ANS is committed to advancing, fostering, and promoting the development and application of nuclear sciences and technologies to benefit society.
Explore the many uses for nuclear science and its impact on energy, the environment, healthcare, food, and more.
Mathematics & Computation
Division members promote the advancement of mathematical and computational methods for solving problems arising in all disciplines encompassed by the Society. They place particular emphasis on numerical techniques for efficient computer applications to aid in the dissemination, integration, and proper use of computer codes, including preparation of computational benchmark and development of standards for computing practices, and to encourage the development on new computer codes and broaden their use.
2021 ANS Winter Meeting and Technology Expo
November 30–December 3, 2021
Washington, DC|Washington Hilton
The Standards Committee is responsible for the development and maintenance of voluntary consensus standards that address the design, analysis, and operation of components, systems, and facilities related to the application of nuclear science and technology. Find out What’s New, check out the Standards Store, or Get Involved today!
Latest Magazine Issues
Latest Journal Issues
Nuclear Science and Engineering
Fusion Science and Technology
Hanford completes wastewater basin work to support tank waste treatment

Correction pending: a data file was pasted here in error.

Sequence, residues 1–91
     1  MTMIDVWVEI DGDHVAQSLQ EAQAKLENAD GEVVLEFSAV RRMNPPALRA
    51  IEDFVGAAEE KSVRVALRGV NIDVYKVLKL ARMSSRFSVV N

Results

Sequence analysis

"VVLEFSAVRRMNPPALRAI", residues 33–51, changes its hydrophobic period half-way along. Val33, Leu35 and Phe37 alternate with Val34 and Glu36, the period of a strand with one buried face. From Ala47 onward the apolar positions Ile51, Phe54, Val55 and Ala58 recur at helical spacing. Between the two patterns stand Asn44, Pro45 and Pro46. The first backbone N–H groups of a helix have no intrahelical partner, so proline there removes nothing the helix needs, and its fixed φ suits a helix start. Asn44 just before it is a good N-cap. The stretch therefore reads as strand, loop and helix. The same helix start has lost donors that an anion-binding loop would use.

Record-breaking heat and the vast size of the job did not stop the Department of Energy’s Office of River Protection and its tank operations contractor, Washington River Protection Solutions (WRPS), from completing a construction project critical to the Hanford Site’s Direct-Feed Low-Activity Waste program for treating radioactive tank waste.
H. Gota, TAE Team
Fusion Science and Technology | Volume 68 | Number 1 | July 2015 | Pages 44-49
Technical Paper | Open Magnetic Systems 2014 | dx.doi.org/10.13182/FST14-871
Articles are hosted by Taylor and Francis Online.
C-2 is a unique, large compact-toroid (CT) device at Tri Alpha Energy that produces field-reversed configuration (FRC) plasmas by colliding and merging oppositely directed CTs. Significant progress has recently been made on C-2, achieving ~5 ms stable plasmas with a dramatic improvement in confinement, far beyond the prediction from the conventional FRC scaling. This stable, long-lived FRC plasma state is called the high-performance FRC (HPF) regime. The key approaches to achieve the HPF regime are as follows: (i) dynamic FRC formation by collision/merging of super-Alfvénic CTs, (ii) effective control of stability and transport by end-on plasma guns and neutral-beam (NB) injection, and (iii) active wall conditioning using titanium and lithium gettering systems. Moreover, further improvement in FRC confinement has been obtained with improved open-field-line plasma properties such as a lower fluctuation level, reduced transport rates in radial/axial directions, and lower background neutral density as well as recycling. This open-field-line plasma improvement, mainly obtained by higher magnetic fields in the formation and mirror-plug sections, allows for better NB coupling to the core-FRC plasma. In the recent HPF regime there is a sufficiently large fast-ion population that appears to improve FRC confinement properties as well as stability; the FRC particle and global energy confinement times both increased by ~30% and ~80%, respectively, compared to that of the previously obtained HPF regime.